Heading off frustrating experiences with demanding clients often comes down to the expectations you set from the beginning. In this Agent/Broker Perspective, Miami broker Anthony Askowitz offers hypothetical scenarios and advice on how to deal.

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In this monthly column, Anthony Askowitz explores a hypothetical real estate situation from both sides of the broker/agent dynamic. Anthony is the broker-owner of South Florida’s largest RE/MAX office, and a working agent who sells more than 100 homes each year.

This month’s situation: a seasoned luxury agent is struggling with what she feels are abusive demands of sellers and is looking to her broker for advice. Her broker believes the agent needs to set clear expectations right from the beginning of the agent-seller relationship and see the full potential a listing brings to her business.

Agent perspective

I worked hard to secure a big-ticket luxury listing, and I’m holding onto it for dear life. Competition is fierce these days, and I credit my promise of exceptional service with giving me the edge over my competitors.

I included all the “bells and whistles” in my presentation — drone photography, Matterport dollhouse models, and quality marketing. I provided a list of services as well as a schedule for market reports and activity on the listing.  I will definitely earn the payoff when this property sells.

There’s only one problem: The sellers are driving me crazy! It’s as if they think this is my only listing and are entitled to every second of my time. Multiple daily calls with basic questions and insisting on extra favors, as though I were a property manager or personal assistant.

I know I should say “no” and push back against these outrageous demands on my time, but I really need to keep this listing. How far is too far in keeping a potentially lucrative sale?

Broker perspective

While I credit this agent’s enthusiasm in getting the listing, she may have overlooked an important element: setting the client-agent expectation bar right from the beginning. Even if those parameters were mentioned, it’s obvious the seller did not get the message about what is and is not the agent’s responsibility.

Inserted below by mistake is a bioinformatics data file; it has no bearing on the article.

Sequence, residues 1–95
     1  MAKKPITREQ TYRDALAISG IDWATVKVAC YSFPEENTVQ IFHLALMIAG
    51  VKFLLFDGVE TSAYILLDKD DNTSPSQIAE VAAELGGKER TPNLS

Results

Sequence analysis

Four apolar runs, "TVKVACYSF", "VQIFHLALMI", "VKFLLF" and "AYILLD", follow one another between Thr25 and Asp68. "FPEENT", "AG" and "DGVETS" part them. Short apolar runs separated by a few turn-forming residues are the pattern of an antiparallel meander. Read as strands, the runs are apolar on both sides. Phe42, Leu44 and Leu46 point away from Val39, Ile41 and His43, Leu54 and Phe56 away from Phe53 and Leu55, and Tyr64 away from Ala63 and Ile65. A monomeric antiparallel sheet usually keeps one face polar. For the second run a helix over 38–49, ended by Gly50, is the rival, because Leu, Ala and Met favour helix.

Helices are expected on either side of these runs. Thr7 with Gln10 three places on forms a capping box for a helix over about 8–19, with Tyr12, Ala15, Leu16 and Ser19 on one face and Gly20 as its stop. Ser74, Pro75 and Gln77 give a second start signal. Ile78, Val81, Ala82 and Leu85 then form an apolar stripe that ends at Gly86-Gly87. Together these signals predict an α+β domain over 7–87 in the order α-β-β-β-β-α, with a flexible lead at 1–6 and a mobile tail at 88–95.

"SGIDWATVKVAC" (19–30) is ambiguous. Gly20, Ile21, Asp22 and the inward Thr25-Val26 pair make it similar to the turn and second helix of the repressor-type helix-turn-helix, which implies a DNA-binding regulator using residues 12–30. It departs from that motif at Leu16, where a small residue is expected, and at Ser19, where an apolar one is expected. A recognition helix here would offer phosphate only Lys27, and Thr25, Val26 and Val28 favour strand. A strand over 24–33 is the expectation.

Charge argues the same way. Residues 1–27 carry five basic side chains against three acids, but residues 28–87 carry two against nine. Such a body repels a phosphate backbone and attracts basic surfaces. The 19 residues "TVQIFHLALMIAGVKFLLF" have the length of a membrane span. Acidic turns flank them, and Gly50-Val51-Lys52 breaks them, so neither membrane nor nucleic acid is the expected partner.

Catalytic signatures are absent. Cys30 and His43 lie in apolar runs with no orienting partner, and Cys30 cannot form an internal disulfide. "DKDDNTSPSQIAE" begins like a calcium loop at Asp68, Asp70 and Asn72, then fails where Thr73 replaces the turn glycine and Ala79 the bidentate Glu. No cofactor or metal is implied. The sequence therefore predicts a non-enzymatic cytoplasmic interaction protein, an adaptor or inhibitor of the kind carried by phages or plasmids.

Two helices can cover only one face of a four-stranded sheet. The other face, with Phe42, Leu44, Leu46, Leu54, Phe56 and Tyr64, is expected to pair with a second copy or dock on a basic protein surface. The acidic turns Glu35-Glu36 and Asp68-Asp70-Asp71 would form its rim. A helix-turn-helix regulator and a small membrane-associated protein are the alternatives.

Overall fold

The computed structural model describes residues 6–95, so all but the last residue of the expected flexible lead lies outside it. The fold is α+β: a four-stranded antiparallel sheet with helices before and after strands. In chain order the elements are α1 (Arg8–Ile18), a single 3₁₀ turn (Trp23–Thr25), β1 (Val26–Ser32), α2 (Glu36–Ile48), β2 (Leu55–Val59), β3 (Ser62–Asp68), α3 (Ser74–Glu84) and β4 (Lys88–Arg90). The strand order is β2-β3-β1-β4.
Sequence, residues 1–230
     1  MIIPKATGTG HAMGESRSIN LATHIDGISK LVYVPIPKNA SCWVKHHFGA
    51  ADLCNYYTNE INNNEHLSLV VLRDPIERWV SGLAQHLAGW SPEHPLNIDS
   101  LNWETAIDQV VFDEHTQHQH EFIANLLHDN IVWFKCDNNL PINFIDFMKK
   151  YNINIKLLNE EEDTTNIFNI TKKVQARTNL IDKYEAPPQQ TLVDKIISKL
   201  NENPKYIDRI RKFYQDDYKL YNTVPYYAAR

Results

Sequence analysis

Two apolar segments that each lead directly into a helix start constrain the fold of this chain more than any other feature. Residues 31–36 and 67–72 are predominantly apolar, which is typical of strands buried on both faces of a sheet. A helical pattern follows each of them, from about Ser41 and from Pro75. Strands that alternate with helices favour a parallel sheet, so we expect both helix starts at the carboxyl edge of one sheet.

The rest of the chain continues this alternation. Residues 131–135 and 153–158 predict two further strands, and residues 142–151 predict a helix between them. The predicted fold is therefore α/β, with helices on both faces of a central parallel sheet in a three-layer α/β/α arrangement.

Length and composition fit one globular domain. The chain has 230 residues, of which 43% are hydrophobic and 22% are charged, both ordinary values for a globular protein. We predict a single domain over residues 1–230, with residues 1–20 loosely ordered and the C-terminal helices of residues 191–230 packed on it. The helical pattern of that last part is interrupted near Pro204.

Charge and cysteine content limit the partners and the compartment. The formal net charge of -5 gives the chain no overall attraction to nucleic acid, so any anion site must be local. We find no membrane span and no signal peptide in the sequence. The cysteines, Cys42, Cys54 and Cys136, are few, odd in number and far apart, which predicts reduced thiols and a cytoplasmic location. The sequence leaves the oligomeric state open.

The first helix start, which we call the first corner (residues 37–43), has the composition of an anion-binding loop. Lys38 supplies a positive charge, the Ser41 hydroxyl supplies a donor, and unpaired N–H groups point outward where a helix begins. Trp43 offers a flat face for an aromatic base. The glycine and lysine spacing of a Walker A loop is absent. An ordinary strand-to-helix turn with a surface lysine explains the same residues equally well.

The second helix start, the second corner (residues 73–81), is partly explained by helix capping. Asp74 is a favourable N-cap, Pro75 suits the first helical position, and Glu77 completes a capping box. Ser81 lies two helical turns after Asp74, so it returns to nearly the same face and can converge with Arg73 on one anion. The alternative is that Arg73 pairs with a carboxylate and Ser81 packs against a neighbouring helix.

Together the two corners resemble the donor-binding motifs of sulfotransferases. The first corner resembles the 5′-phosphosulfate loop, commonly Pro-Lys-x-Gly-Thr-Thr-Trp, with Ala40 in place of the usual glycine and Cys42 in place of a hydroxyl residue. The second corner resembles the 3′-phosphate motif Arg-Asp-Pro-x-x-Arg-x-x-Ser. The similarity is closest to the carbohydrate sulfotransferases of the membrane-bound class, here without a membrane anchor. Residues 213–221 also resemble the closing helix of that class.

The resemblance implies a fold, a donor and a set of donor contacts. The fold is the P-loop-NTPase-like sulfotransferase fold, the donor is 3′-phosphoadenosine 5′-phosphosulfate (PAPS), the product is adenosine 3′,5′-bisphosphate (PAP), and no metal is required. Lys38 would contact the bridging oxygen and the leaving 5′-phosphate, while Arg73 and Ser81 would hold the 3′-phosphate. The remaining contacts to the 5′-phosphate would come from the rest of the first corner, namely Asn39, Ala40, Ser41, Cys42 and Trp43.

Instead of asking “how far is too far?” in this case, maybe a better question is “how do we reset expectations?” with this seller, in a way that keeps the listing. It’s a tricky matter of communicating loyalty and gratitude, while gently explaining what assignments need to be passed on to third parties.

It may help to accept responsibility for lettings things slide to this point over a nice lunch. In the past, I have joined and supported agents in these conversations, but sometimes the seller gets defensive and feels ganged up on.

If the client continues with this behavior, the agent alone must determine if the trouble is worth the potential reward – which, in my view extends far beyond the commission. I see every listing as an opportunity for the growth of an agent’s business. As such, the thought of giving up a listing, especially a luxury listing, is one I don’t like to entertain.

A listing provides the agent substantial marketing exposure, often resulting in more listings in that neighborhood and price range. Each of these new listings has a compound effect on inventory. I would advise this agent to think long and hard about losing a listing over minor inconveniences and perceived disrespect.

How to resolve

There is a saying in business: “There is only discord when expectations are different.” Both the agent and the sellers have expectations of each other, and this agent presented herself as the panacea for the sellers’ real estate needs.

It is common for agents to give a listing presentation in which they tell the sellers what they will do to sell the property. Unfortunately, most agents do not think to ask questions of the sellers to ensure they are on the same page. An agent should always ask the sellers what they expect of the agent, then tell the sellers what is expected of them.

There is a partnership between sellers and their listing agents in which both parties have responsibilities. Without this crucial step, the sellers can assume the agent will do whatever is needed to make them happy and sell the home.

At this point, the best course of action is to follow the broker’s advice regarding delegation. The agent should explain how it is in the sellers’ own best interest to keep their listing agent focused on the critical activities of marketing and selling their property, and even present a list of reliable vendors and contractors to recommend. The next time the sellers ask for a favor, the agent can say, “great idea! Let me put you in touch with the perfect person to do that for you!”

Anthony Askowitz is the broker-owner of RE/MAX Advance Realty, with offices in Hollywood Beach, Davie, Miramar, North Miami, South Miami, Kendall and the Florida Keys, where he leads the activities of more than 190 agents. Follow Anthony on Instagram

NOTE: Anthony Askowitz is not an attorney and does not give legal advice. Please consult a licensed attorney regarding matters discussed in this column.

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